Exploring the tanneries in a medieval Moroccan world


Our eyes started watering and nose hairs singed as we slowly distanced ourselves from the hustle and bustle of the world-renowned Marrakech souks, the smell intensifying with every step.

A local Moroccan boy, whom we were introduced to after speaking to numerous locals, led us, like a determined and energetic guide dog, through a labyrinth of narrow alleyways.

Looking about 12 years old, our makeshift guide spoke English with confidence and was noticeably excited about the prospect of escorting us to the tanneries, a place unlike anything I’ve ever experienced.

After about 20 minutes of navigating the backstreets, we knew by the pungent stench, that we were getting close. Our young, entrepreneurial guide said farewell and handed us over to an ageing man whose steely gaze was matched only by his stoic disposition.

An attack on the senses

Presenting us with mint cloves, which I first thought to be a gift, the hardened Moroccan was actually offering us a way to combat the omnipresent, fetid odour.

Immediately putting the mint clove to work, I stuffed it as close to my nose as possible without penetrating my nasal cavity. Unfortunately Chris East, my good friend and travel companion, doesn’t take kindly to the taste or smell of mint. In this instance, however, mint was most definitely the lesser of two evils.

Crossing under an archway to enter this unfamiliar world, it felt like we had been transported back to a medieval time, the barbaric setting actually adding to what would be an invaluable, albeit smelly, educational and cultural experience.

Wearing mint cloves as moustaches, we embarked on a bewildering journey, one involving an indescribable – and at times inhumane – attack on the senses.

The way tanneries process cow, sheep, goat and camel hides to produce high quality leather products have remained almost completely unchanged since the Middle Ages.



How tanneries process cow hide

Using hundreds of concrete vats to process thousands of animal hides, I watched in awe as workers stood knee-deep in pigeon excrement, cow urine and other miscellaneous liquids and dyes. Taking a moment to reflect on my life back in London, I felt truly lucky, for the first time in recent memory, to have the pleasure of staring at a computer for 10 hours a day.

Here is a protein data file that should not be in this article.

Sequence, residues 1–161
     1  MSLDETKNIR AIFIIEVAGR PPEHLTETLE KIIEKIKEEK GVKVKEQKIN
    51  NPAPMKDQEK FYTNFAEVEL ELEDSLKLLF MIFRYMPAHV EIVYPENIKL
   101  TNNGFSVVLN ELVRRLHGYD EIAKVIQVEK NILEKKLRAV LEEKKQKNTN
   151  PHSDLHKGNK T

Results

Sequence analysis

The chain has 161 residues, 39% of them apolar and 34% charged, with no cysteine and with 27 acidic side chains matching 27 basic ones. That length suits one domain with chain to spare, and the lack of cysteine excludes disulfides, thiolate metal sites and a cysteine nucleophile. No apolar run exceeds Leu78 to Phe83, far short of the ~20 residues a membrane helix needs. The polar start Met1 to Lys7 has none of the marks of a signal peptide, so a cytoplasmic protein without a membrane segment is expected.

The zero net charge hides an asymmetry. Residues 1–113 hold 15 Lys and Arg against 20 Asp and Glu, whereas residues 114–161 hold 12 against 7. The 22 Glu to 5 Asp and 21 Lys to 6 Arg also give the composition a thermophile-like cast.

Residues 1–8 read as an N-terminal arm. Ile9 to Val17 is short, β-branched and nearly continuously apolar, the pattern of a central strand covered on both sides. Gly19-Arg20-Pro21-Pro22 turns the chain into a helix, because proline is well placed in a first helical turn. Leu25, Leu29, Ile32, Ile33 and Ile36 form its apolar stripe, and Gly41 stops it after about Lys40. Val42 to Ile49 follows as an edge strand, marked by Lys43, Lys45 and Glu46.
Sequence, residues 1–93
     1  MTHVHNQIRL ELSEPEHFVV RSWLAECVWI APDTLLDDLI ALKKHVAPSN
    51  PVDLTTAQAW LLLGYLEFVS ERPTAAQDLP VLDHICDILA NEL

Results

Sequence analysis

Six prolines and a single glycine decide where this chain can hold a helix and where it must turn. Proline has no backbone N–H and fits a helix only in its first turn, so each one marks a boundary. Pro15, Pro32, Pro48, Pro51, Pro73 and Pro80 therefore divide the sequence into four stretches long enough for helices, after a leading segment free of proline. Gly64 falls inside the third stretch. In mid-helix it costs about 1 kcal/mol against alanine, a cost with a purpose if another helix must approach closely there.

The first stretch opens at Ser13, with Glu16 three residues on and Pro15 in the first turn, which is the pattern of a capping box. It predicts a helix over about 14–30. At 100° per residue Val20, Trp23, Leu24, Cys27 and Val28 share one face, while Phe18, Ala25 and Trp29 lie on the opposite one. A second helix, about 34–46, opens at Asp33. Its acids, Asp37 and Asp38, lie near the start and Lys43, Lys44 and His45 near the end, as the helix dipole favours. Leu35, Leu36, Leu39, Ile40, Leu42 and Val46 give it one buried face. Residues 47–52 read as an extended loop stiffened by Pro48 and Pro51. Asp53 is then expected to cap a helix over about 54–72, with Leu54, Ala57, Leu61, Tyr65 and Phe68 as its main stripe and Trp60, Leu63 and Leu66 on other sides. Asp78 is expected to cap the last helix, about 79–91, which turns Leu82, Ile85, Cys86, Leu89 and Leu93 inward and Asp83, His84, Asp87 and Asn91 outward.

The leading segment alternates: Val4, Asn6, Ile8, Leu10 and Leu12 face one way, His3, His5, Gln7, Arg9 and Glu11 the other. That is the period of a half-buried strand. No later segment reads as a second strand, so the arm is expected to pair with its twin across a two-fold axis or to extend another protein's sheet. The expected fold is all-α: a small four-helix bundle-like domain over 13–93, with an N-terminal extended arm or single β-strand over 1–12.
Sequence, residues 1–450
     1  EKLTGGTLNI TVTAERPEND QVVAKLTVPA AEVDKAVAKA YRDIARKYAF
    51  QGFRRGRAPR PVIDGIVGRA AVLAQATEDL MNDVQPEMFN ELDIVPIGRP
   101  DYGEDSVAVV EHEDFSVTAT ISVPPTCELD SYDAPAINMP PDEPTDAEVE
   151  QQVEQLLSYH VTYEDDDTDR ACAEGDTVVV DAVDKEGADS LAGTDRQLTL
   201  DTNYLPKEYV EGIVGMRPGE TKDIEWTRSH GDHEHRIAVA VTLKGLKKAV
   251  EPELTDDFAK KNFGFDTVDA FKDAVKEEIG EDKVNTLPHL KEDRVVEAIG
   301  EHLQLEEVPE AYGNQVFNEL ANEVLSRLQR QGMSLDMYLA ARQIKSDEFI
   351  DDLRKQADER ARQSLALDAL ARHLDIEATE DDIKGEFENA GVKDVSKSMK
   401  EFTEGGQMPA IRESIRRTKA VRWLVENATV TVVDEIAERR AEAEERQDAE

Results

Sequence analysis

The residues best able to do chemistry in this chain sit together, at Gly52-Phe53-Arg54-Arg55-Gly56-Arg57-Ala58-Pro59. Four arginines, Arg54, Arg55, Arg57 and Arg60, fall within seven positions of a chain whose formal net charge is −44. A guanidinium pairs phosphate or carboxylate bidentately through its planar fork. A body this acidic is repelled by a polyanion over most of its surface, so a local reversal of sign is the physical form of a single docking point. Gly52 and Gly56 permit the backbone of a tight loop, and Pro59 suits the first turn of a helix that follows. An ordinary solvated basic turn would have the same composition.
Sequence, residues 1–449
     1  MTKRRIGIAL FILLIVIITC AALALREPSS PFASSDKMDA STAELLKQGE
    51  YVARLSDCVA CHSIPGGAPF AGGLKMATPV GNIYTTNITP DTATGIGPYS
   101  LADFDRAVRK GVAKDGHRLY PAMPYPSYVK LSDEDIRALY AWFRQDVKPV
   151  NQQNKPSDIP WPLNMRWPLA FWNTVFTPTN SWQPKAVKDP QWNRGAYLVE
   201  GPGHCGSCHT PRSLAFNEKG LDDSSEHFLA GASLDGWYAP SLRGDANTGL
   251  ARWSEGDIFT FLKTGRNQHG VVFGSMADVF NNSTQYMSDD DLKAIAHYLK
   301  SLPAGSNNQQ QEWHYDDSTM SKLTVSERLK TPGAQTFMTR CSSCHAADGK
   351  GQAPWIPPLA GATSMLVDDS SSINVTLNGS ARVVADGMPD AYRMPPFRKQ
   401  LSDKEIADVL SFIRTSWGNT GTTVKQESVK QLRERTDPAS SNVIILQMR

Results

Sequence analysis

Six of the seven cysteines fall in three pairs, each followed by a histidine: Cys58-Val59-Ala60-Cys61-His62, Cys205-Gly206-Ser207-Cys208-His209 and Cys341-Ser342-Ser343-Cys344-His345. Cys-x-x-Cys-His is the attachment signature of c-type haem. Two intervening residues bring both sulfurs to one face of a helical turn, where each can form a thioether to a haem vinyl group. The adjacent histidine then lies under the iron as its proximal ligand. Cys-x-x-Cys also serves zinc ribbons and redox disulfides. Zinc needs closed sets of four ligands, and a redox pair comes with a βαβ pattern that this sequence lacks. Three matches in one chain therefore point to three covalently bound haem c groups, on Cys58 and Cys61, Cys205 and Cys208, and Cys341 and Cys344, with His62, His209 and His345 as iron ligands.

Life is all about perspective. Some people are blessed with the opportunity to go to university and enjoy all comforts and luxuries the western world has to offer.

Others wake up every morning to the prospect of scrubbing raw animal hides in litres of shit and blood, the stench so pungent it could induce a gag reflex on even the most stomach strong. To top the shit-bucket off, tannery workers endure stifling conditions, the unforgiving heat further magnifying the almost intolerable working conditions.

Passing by hundreds of hanging hides, we were taken aback by the sheer immensity of the operation. It was quite humbling to see the production in motion, enabling us a surface level understanding of how, and where, souk vendors obtain their leather handbags, Moroccan slippers – known as babouches – wallets, furniture and other accessories from.

Inevitably the ghastly smell synonymous with tanneries worldwide overpowered the mint cloves’ defences, breaching my nasal cavity with devastating effect.

Nothing comes for free

And while perspective building, we were hoping for a timely conclusion to the tour. Thinking it was free of charge both of us, like criminals fleeing from the scene of the crime, made a beeline for the exit. Our gangly, salt-of-the earth tour guide piped up, almost speaking before our intentions to leave were made clear.

“Where you going? You pay money.”

Looking back, it was a bit naive of us to think that anything in Morocco could possibly be complimentary, even if we’d spent the last half hour battling the urge to vomit.

In the spirit of self-preservation we dually obliged, handing over whatever nominal, accessible change we had at our disposal.

Transaction complete we dashed off in a flash, yearning for a breath of fresh air. In an attempt to rid ourselves of the lingering odour, we inhaled cigarettes like recently fallen-off-the-wagon addicts.

We don’t ordinarily smoke but it was, paradoxically, just what the doctor ordered.

No matter how severe or squalid the conditions, neither of us would have changed a thing. Exploring the Marrakech tanneries was as culturally enlightening as it was eye-wateringly unpredictable.

Just remember to bring something stronger than the clove of mint that you’ll surely be presented with.

(This piece was originally featured in Kiss from the World)

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